Jay Leno and fellow plaintiffs settle with Judy Brown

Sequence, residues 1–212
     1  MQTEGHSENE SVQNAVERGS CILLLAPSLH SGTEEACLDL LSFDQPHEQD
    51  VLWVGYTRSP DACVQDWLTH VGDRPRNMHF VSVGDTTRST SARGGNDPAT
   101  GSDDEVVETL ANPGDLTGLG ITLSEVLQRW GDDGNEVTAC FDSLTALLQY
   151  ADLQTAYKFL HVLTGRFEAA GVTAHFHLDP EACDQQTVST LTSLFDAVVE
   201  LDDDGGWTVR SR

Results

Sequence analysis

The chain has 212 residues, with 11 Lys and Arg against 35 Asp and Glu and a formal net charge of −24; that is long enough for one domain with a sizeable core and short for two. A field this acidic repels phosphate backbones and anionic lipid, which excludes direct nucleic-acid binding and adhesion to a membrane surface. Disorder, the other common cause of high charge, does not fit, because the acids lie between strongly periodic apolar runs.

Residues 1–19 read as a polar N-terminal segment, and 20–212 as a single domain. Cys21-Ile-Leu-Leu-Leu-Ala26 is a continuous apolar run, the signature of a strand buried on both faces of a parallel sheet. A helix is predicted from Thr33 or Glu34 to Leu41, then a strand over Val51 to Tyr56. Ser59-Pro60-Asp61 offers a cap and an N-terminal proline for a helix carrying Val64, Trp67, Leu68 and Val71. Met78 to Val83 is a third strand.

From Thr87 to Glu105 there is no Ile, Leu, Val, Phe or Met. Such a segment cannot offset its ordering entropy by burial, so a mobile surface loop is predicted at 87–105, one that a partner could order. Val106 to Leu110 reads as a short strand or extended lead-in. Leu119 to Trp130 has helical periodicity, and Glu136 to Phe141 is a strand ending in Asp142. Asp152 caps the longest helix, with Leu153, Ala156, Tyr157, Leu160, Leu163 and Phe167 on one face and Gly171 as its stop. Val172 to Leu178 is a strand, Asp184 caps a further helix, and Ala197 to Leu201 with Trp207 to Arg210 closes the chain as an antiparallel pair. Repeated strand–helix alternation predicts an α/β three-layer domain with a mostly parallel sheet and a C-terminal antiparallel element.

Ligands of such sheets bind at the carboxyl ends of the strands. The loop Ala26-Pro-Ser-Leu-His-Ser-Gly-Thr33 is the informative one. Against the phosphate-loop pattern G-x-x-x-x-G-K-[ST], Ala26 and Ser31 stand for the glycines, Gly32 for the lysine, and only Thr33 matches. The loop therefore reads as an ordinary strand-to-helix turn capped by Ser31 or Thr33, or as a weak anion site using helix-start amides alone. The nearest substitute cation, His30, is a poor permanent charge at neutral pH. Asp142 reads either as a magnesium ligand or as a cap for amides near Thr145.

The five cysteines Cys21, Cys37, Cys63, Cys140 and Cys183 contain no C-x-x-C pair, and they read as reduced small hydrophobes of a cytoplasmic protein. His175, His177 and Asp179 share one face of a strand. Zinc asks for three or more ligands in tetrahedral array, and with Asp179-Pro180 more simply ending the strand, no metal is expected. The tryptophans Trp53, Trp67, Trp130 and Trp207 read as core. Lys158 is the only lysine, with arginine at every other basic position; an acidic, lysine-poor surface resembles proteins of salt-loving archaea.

The Tonight Show host Jay Leno has settled a lawsuit filed against the creators of a series of joke books he claimed ripped off material from both his show and stand-up routines.</P> <P>Leno and his fellow plaintiffs—including NBC Studios and fellow comedians, among them Rita Rudner, Kathleen Madigan, Jimmy Brogan, Diane Nichols, Bob Ettinger and Sue Pascoe (widow of comedian Ronnie Shakes), filed the lawsuit in federal court in November 2006. </P> <P>The target was Judy Brown, who edited such compilation books as The Funny Pages, Squeaky Clean Comedy, Funny You Should Know That, Getting Old Is a Joke and Joke Stew, as well as the books’ respective publishers.</P> <P>The lawsuit claimed the books were tantamount to copyright, trademark infringement and false endorsement, as each stolen yuk-yuk was attributed to its famous funny creator.</P> <P>Under the settlement, announced Wednesday, Brown’s publishers agreed immediately to cease the distribution, manufacture and sale of the joke books. The defendants will also shell out an undisclosed financial settlement to the comedians, who maintain, as they did when they first filed the suit, that they will donate the money to charity.</P> <P>"I thought it was important to make it clear that jokes are protected like any other art form," Leno said of the case. "On behalf of the tremendous and talented group of writers we have at The Tonight Show and many other hardworking comedians, I’m very glad we’ve been able to stop this practice once and for all."</P> <P>As for Brown, she issued an apology to the comics scorned.</P> <P>"In my books, I have published jokes of Jay Leno and the other comedians in this lawsuit without their permission," Brown said. "I sincerely apologize for doing so. I greatly admire the creativity, wit and energy of stand-up comedians, and I recognize that comedy is as much an art form as other types of creative expression…This is why I am settling this lawsuit by agreeing never again to publish their jokes without asking their permission to do so."</P> <P>All told, Brown was responsible for compiling 19 of the joke books, all of which were little more than a collection and repackaging of the comics’ acts—or as the original lawsuit put it, "no more than alphabetizing original works."</P> <P>NBC also sued Andrews McMeel Publishing, Sterling Publishing and Rowman & Littlefield, claiming any stolen joke of Leno’s is a stolen joke of theirs. Any comic yarn spun by the host on The Tonight Show qualifies as the studio’s property, and each episode since 1992 has been registered with the U.S. Copyright Office.</P> <P>Both the studio and the plaintiffs’ legal representation, Theodore J. Boutrous Jr., have agreed to donate at least a portion of their cut in the settlement to charity, along with Leno and the other comics, all of whom chalk up the legal victory as a major step in comedians’ ownership of their material.</P> <P>Said Boutrous of the legal victory: "The settlement sends a strong message that the intellectual property rights of comedy writers must be respected."<BR></P>Note the date on this article may be incorrect due to importing it from our old system.